“Are you concerned about how long it takes to earn a blue belt in BJJ?”
According to most BJJ coaches, the path to receiving a blue belt can require any time between a year to three years for most students. But, there have been cases where students attained the blue belt sooner, and others achieved it later.
Getting a BJJ (Brazilian jiu-jitsu) blue belt requires training for a specific period and mastering several fundamental techniques. It would help if you convinced your coach that you’re prepared for a blue belt by meeting the prerequisites, which vary with the BJJ school. For the most part, mat time is a crucial element that you may exploit, and it’s among the simple strategies to improve and move forward in BJJ.
Summary — How Long Does It Truly Take?
Most times, the time spent to acquire a blue belt in Brazilian jiu-jitsu ranges from one to three years. Still, the duration generally depends on the BJJ student in question.
Achieving a blue belt is one of the most demanding aspects of learning Brazilian jiu-jitsu. For starters, the journey requires commitment, tenacity, and a thorough knowledge of the foundations of grappling. This knowledge will determine how much time a student spends to earn their blue belt.
It’s essential to remember that acquiring a blue belt calls for mastering a few well-known moves first.
Some of the critical techniques include:
- Basic self-defense strategies
- Judo throws
- Guard passes
- Sweeps from guards
- Basic solo drill movements
- Submissions from guard
We’ve provided some procedures that can speed up the process of getting a BJJ blue belt and beneficial tips to keep in mind as you strive to earn this title. Also, we’ve identified several elements delaying BJJ students from obtaining a blue belt.
What Does a BJJ Blue Belt Signify?
An individual with a blue belt in Brazilian jiu-jitsu has mastered submission grappling at an advanced level. The capacity to detect and comprehend BJJ positions distinguishes a white belt from a blue belt. Additionally, blue belt holders can control their anger and degree of exertion during a battle.
Blue belts have a far more profound grasp of who they are; they’ve encountered more critical circumstances, both positive and negative. Moreover, Brazilian jiu-jitsu presents mental, emotional, and physical challenges.
Why Does It Take So Long to Acquire?
(Blue Belt Techniques You Must Learn)
Although each institution has a few unique requirements, their fundamental standards are often the same. White belt students at every school must grasp various skills before obtaining their blue belts.
The complete list of skills a BJJ student should master to become a blue belt includes:
- Submissions from guard: A blue belt in BJJ must know how to execute submissions from the guard properly. The armbar, guillotine, triangle, omoplata, and kimura are some of the most crucial submission techniques. In addition, gi chokes could take the form of a lapel or cross choke.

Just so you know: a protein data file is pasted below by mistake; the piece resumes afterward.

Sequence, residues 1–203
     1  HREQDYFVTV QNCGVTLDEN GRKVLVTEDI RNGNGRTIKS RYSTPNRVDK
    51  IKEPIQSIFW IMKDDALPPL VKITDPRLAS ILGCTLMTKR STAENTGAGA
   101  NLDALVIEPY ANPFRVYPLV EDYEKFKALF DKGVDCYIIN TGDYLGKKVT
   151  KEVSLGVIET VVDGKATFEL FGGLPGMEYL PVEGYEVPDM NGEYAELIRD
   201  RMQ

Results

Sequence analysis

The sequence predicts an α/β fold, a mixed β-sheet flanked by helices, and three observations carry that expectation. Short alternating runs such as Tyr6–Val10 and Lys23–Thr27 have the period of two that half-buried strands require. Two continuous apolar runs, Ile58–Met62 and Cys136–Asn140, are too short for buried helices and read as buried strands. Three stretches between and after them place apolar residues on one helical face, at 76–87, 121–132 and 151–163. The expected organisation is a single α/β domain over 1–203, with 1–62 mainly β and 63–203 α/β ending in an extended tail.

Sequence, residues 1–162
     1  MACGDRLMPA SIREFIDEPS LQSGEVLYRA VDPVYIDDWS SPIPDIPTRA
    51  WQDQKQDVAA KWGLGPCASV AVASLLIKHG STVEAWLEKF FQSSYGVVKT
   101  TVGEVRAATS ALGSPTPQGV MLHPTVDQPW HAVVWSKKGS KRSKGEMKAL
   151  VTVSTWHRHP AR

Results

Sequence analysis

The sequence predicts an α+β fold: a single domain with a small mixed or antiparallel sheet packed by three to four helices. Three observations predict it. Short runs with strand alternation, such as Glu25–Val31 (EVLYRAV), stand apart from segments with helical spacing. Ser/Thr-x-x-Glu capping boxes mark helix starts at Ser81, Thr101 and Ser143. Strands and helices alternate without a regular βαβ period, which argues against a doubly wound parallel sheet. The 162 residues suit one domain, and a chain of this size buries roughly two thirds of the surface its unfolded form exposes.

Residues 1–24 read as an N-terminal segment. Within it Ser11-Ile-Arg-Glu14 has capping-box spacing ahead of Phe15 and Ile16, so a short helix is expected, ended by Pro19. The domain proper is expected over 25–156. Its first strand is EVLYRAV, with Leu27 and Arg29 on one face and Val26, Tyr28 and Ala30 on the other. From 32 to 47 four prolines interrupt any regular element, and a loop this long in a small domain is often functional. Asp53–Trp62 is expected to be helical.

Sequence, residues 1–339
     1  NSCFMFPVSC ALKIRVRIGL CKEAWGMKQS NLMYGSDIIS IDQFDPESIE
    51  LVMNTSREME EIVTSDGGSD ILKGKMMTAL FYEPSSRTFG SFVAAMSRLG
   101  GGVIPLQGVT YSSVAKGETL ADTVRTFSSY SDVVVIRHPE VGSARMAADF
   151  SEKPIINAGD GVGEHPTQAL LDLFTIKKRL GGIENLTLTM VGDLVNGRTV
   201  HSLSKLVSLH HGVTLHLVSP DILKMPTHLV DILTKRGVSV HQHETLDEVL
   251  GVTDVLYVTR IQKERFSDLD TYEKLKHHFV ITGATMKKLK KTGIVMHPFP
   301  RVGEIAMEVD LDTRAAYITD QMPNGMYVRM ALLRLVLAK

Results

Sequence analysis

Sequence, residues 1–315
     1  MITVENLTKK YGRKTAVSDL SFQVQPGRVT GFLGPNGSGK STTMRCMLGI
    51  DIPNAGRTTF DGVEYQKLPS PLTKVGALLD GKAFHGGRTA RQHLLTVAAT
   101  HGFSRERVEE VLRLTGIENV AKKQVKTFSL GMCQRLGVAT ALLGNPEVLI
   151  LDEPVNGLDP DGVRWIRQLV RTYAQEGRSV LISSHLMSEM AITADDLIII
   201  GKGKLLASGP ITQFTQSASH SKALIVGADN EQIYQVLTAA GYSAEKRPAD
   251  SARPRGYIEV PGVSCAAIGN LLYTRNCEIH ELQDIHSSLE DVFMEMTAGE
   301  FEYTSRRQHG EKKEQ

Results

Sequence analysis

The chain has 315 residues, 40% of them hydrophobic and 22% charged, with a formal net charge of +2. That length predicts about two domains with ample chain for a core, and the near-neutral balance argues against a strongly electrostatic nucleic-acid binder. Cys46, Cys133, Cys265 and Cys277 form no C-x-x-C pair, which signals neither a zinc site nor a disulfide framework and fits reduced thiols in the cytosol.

- Sweeps from guard: BJJ blue belt students need to be familiar with a variety of sweep from guard strategies, such as scissor, flower, butterfly, hip-bump, and spider.
- Guard passes: A potential blue belt holder must be skilled in guard passes. These techniques include passing closed guard, De La Riva Guard, spider guard, and open guard.
- Takedowns: They must know some takedown methods, such as double- and single-leg takedowns and other fundamental takedown methods.
- Judo throws: Blue belts should be versed in at least three fundamental judo throws. For instance, Drop Seoi Nage, Koshi Guruma, and Osoto Gari.
- Escapes: Blue belt holders must be able to escape tricky situations. These include elbow reversals and escapes from side mount and mount.
- Basic solo drill movements: Another need for white belts advancing to blue belts is the ability to do fundamental solo drill movements — technical get-ups, front rolls, and elbow escapes.
- Basic self-defense techniques: Blue belts must fully understand how to apply BJJ in crucial self-defense circumstances. Every BJJ practitioner should be able to counter punches, back takes, and grabs.
How Long Should You Practice to Receive a Blue Belt in BJJ?
A BJJ amateur may have to train for one to three years to earn a blue belt. However, the typical period to reach a blue belt is one to one and a half years. This transition period in BJJ could extend in some situations.
How to Earn a BJJ Blue Belt in a Year
White belts must complete several assignments to receive their blue belt within one year.
Here’s how to obtain a blue belt in a short period:
This tip is one of the most potent catalysts in your BJJ blue belt journey. You must practice BJJ as often as possible if you desire to earn your blue belt promptly.
On average, BJJ students take two classes a week. However, if you’re committed and have the time, three or more weekly practices are preferable.
Meanwhile, training extends beyond simply attending classes. You also have to invest your extracurricular time into fitness and practice.
This angle doesn’t apply to every school. But, it’ll undoubtedly aid your attempts to earn a blue belt.
Competitions are a realistic and active assessment of your abilities. By proactively competing, you may demonstrate the necessary skills to achieve a blue belt.
Although it may boost your confidence, winning competitions isn’t that crucial. Your coaches are looking for your dedication to BJJ and zeal to improve.
Avoid Getting Injured